It’s a rare day when Eugene Volokh totally misses the point of something (it’s not a rare day when I disagree with him, but that’s different). But in endorsing Kent Scheidegger on National Opt-Out Day, I think we’ve got one.
the idea of scheduling a gum-up-the-works protest for the day before Thanksgiving is beyond despicable. National Opt-Out Day is a call for large numbers of people to opt out of the scanners and elect the longer manual search, all on the same day. It is a cruel and heartless act of vandalism that will seriously hurt other passengers, not the people at whom it is supposedly directed….
This is wrong on almost every front. First, there is absolutely nothing “despicable” about urging people to exercise their legal right to opt-out of being x-rayed. This isn’t even a case where people are being asked to engage in Gandhi/King style non-violent protest and, say, peacefully block a road waiting to be arrested, although if the cause were just I’d be more likely to call it “courageous” rather than “despicable”. Repeat, there is nothing wrong with exercising your legal right to choose one intrusive form of suspicionless government search over a possibly dangerous form of suspicionless government irradiation. Do you trust the TSA people at your airport to properly calibrate the backscatter x-ray machines or the so-called millimeter wave machines? I don’t: Even hospitals get the x-ray dosages wrong with alarming frequency, and I’m betting hospital machines are more closely monitored for health risks than the TSA‘s high-volume machines are.
No, this is a basic Alinsky-style tactic in which people are urged to do that which they are allowed to do, en mass, in order to demonstrate their distaste regarding what they are forced to do (choose between being irradiated or being searched over-intrusively) or not allowed to do (travel freely). There is little point in such protest at six in the morning on a light travel day — the tree may fall in the forest, but no one will notice. The whole point of the exercise is to create pressure for change while acting entirely within the law. Pressure for change is increased if bystanders are co-opted into complaining about the resultant delays or even persuaded to join in the protest.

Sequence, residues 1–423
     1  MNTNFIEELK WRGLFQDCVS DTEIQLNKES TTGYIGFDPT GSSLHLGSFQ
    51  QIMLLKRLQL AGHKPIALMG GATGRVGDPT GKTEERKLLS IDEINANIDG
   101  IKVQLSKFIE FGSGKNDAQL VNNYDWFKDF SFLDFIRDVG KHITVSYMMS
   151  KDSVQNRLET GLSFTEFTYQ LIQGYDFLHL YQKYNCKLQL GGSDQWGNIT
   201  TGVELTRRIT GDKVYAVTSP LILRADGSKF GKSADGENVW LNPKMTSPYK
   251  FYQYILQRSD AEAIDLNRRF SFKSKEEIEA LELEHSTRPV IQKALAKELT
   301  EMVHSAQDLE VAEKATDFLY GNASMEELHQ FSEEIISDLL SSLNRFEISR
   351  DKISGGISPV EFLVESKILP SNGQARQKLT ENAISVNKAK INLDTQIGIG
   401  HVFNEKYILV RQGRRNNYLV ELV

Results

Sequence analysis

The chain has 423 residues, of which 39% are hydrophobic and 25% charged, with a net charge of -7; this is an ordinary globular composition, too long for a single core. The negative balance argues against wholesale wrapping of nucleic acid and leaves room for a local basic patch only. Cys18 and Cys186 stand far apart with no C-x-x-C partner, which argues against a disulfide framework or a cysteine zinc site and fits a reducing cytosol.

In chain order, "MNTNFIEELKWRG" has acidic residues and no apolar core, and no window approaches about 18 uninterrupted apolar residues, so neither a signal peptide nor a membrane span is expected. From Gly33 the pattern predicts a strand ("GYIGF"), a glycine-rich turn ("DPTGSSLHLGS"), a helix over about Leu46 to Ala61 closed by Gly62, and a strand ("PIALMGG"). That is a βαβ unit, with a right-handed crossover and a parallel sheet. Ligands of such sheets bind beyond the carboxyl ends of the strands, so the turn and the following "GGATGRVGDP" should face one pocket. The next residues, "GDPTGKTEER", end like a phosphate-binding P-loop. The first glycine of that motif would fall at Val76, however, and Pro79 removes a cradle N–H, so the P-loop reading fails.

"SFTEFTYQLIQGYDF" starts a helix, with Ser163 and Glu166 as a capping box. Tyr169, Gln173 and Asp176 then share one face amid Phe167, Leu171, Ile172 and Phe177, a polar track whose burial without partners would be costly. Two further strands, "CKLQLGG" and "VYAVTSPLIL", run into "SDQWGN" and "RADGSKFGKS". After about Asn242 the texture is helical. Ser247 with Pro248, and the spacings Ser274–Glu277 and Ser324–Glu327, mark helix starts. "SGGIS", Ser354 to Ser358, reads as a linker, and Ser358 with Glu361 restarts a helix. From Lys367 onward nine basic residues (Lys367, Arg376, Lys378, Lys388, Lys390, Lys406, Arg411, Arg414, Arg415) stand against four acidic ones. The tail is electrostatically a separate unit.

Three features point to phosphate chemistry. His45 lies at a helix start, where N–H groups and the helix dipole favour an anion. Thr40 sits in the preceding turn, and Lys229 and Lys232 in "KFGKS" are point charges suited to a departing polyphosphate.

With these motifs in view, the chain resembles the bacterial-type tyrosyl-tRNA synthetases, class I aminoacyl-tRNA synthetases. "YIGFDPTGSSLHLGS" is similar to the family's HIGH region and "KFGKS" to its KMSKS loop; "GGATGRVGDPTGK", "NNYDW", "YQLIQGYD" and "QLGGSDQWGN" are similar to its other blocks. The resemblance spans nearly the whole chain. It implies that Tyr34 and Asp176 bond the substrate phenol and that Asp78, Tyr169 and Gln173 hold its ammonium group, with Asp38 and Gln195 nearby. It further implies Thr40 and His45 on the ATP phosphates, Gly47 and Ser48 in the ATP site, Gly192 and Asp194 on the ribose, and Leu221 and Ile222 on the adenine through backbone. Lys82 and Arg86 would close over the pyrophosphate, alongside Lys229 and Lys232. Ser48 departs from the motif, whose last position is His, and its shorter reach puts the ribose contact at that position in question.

My general view is that when my fellow citizens are motivated to participate in the political process by any form of organizing around legal action — even stuff I disagree with — this is a good thing for the system. (The hardest case is when the motivation is lies. But then the real problem is the lies and the liars, not the well-intentioned protesters.) Most of the time I feel the same way about non-violent protest too, even if it consists of civil disobedience. Where I draw the line is violence and threats of violence. Of course, if I disagree with protesters, I reserve the right to attempt to point out the error of their ways, but that goes to substance, not tactics.
Reading complaints about the upcoming protest one is left with the strong suspicion that the “despicable” aspect of this protest from the point of view of those who prefer their fellow citizens just shut up and take it is that it is a protest, or rather that it is a protest that just might work. Meanwhile, as the protesters were considerate enough to warn of their plans, plan to be at the airport early.
PS. I’m traveling on Wednesday, so I and my family will be among those inconvenienced at MIA. I’ll be among those opting out if not run through a metal detector, although I would have done so regardless of the existence of the opt-out movement because I’ve had more than a couple of lifetime’s supply of x-rays this year. (See TSA Glow or Grope Policy.)